Fuel subsidies are bad for the planet, expensive, and often regressive. With new, high-frequency price data researchers explore why they’re also so hard to kill.
CGD Policy Blogs
As economic indicators deteriorate, the Tanzanian government has jailed an opposition leader for questioning the Bank of Tanzania's growth statistics. It's time for the World Bank and the IMF to speak up. If it's illegal to question a government's statistics, why should anyone trust them?
Earlier this month the U.S. House of Representatives passed H.R. 4481, Education for All, a bill that aims to strengthen USAID’s efforts in the realm of education. While the Senate has yet to take up the companion bill, S. 3256, here are a few thoughts on what American aid can and can’t do to improve learning around the world.
Even the most ardent defenders of democracy sometimes worry that populist pressure may lead to short-sighted (or populist) economic policy choices. So after polling 2,000 ordinary Tanzanians in 2015 about their views on the use of expected natural gas revenue, we decided to follow up with an experiment polling Tanzanian “elites,” to see whether they are aligned with citizens, or could be swayed by citizens’ views.
The research organization Aid Data has been getting a lot of attention in the aid world of late with its survey of recipient country policymakers and practitioners and their views of the utility, influence and helpfulness during reform of various aid agencies. Suggests the press release: “According to nearly 6,750 policymakers and practitioners, the development partners that have the most influence on policy priorities in their low-income and middle-income countries are not large Western donors like the United States or UK. Instead it is large multilateral institutions like the World Bank, the GAVI Alliance, and the Global Fund to Fight AIDS, Tuberculosis and Malaria." That conclusion is based on average worldwide agency scores from the survey.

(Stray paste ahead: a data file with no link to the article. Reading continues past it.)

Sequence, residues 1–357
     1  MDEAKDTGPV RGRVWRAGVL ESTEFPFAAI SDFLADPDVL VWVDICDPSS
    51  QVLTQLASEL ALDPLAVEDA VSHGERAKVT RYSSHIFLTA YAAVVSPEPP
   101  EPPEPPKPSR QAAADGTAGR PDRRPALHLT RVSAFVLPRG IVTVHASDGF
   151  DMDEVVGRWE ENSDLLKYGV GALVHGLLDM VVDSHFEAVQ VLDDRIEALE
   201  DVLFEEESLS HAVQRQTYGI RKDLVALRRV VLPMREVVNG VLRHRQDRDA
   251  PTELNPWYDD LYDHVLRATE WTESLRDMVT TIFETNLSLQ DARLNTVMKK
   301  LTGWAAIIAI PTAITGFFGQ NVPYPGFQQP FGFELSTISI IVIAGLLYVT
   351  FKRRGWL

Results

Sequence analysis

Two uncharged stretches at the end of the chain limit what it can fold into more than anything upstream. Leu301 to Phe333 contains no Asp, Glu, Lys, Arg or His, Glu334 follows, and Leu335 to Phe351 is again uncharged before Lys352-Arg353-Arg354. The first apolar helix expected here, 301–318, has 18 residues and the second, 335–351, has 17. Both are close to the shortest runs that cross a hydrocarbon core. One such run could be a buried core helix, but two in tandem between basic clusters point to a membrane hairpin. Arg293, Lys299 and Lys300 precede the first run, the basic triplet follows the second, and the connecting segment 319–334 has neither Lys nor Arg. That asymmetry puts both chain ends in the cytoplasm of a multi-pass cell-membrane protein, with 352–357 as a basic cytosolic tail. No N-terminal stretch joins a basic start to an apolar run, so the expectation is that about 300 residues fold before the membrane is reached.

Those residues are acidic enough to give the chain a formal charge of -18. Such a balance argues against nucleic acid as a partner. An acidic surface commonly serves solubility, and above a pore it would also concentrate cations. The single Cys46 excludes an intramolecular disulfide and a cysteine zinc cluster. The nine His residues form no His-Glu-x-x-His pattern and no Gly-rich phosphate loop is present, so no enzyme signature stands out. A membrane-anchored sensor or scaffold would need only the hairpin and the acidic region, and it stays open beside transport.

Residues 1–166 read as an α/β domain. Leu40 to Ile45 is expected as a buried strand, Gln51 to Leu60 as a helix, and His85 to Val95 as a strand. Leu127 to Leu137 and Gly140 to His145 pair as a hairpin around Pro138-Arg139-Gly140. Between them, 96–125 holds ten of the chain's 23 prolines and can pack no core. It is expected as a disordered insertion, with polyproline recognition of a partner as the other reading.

Rigorous evaluations show giving poor people cash is a very effective policy. But polls show poor Tanzanians would rather have government services.
This is part II in our blog series about poll results from Tanzania on managing the country’s newfound natural gas wealth. Read part I on fuel subsidies and stay tuned for part III on transparency.
How can poor countries beat the resource curse? CGD research fellow Justin Sandefur returns to the Podcast hotseat to update us on a project that posed this question to ordinary people in Tanzania. CGD teamed up with REPOA to bring hundreds of Tanzanians to Dar es Salaam to debate what to do with that country’s newly-discovered natural gas deposits. This week, Justin is back to share the project’s results.
Experts worry letting ordinary citizens manage resource windfalls will lead to populism. We ran a randomized trial in deliberative democracy in Tanzania to find out.
As African leaders meet in Washington this week, one issue is not on the agenda: the poor quality of basic economic and social data in the region.